A Wild Constraint: The Case for Chastity
A Wild Constraint: The Case for Chastity
Jenny Taylor
Continuum, 2009
166 pp., $25.95

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Reviewed by Anna Broadway

How to Re-Frame the Conversation About Chastity

Charity, community, and self-control.

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Today, at least in industrialized, Western societies, the battle is more for women's emotional and psychological health, as seen in Valenti's framing of the issue. Yet abstinence is no less useful or radical here. Only in chastity does one fight for integrity of personhood as worth more than the fleeting hit of attention earned with entrée to one's body. If we are not ready to grant men things like access to our bank accounts or power of attorney, why would we give them free run of our bodies? Such a choice becomes possible only with a divided sense of self, whereby some parts are more valued and secured than others.

As summarized by Valenti (though she seems to rely mostly on a 2004 report for Senator Henry Waxman and the "damning" quotes favored by opposition websites like the "No More Money" project), current abstinence education texts don't place sufficient emphasis on this message of integrity. Nor, in many cases, does church instruction do better. Taylor cites an interview with two British evangelical women, one of whom is involved with a UK affiliate of Campus Crusade for Christ. Though the women represent a different church culture than America's, their critique will be familiar to one who's spent much time around Christian singles. "It's all about small rules, not the big picture," one of the women tells Taylor. "You don't admit you struggle with how you play the Christian culture game. It's then easy to sin because there are such separate worlds."

How can those who believe there is a case and a place for chastity then improve on how we explain it? I believe there are two ways. First, as I have suggested above, the practice of chastity can play a valuable role in fighting our tendency toward fragmentation. However, I do not think the church, in particular, has done an adequate job of explaining the biblical view of sex and marriage in terms of whole-self giving. With ignorance of the overriding principles and purpose of sexual self-control comes a tendency toward technical adherence—following the letter of a misunderstood and disrespected law rather than the wise and lofty spirit of it. We must do a better job of rooting our understanding of sex in the character of God and his image-bearing purpose for mankind. People may wrestle with the question of his goodness, but an honest fight with the real issues is better than brushing God off as a daft and irrelevant uncle.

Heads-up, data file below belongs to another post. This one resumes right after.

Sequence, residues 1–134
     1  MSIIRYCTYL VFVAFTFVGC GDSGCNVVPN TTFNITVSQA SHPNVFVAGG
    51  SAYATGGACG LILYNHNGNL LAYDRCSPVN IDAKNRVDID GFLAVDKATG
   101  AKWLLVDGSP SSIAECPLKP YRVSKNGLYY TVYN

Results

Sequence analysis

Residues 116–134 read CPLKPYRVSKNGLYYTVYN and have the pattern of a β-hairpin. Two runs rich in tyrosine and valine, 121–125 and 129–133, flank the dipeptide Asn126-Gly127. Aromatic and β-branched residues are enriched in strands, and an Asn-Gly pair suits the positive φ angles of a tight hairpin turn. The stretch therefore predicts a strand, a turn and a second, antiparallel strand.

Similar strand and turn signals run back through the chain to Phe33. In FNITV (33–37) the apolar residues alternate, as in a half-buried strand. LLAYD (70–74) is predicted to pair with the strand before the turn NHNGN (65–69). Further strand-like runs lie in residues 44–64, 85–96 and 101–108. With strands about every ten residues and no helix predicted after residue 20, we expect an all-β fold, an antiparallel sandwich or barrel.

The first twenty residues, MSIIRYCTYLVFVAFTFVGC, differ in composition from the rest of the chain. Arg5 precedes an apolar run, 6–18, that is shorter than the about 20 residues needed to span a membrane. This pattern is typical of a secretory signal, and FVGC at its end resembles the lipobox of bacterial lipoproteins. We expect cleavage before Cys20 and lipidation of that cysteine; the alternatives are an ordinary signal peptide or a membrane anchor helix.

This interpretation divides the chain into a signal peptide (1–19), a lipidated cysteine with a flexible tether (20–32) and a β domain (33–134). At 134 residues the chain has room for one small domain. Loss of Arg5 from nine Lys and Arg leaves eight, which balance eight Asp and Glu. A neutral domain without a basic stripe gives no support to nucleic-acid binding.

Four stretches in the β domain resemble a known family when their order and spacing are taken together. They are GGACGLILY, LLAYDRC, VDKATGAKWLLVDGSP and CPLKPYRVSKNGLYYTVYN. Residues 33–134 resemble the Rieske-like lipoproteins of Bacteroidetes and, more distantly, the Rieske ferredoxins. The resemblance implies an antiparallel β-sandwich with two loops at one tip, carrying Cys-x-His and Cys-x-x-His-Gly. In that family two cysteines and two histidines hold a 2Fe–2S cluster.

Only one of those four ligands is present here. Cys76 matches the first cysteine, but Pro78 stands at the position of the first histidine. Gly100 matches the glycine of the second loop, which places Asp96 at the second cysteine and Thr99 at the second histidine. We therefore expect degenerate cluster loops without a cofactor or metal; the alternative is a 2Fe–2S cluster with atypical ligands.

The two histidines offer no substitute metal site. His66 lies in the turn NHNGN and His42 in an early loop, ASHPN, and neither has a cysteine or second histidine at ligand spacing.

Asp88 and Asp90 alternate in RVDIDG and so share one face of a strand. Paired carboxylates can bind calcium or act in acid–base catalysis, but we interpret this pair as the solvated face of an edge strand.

Secondly, we must stop speaking of abstinence as if it has no post-marriage value. The fact is, we are talking about self-control—a virtue that matters as much to marital monogamy as it does to premarital chastity. And those are just the sexual applications! But when all we tout is abstinence, rather than sexual self-control, the connection to all other spheres of healthy restraint is lost—and with it the urgency and relevance of being disciplined people, of being adults.

If we could stress these two things in our talk of chastity—wholeness and the importance of sexual self-control—we might be able, as Taylor says, to "re-cast our bodies in terms of charity and community, rather than … self-gratification." I'd like to think even the secular Valenti could see some good in that.

Anna Broadway is the author of Sexless in the City: A Memoir of Reluctant Chastity and a contributor to Faith at the Edge.

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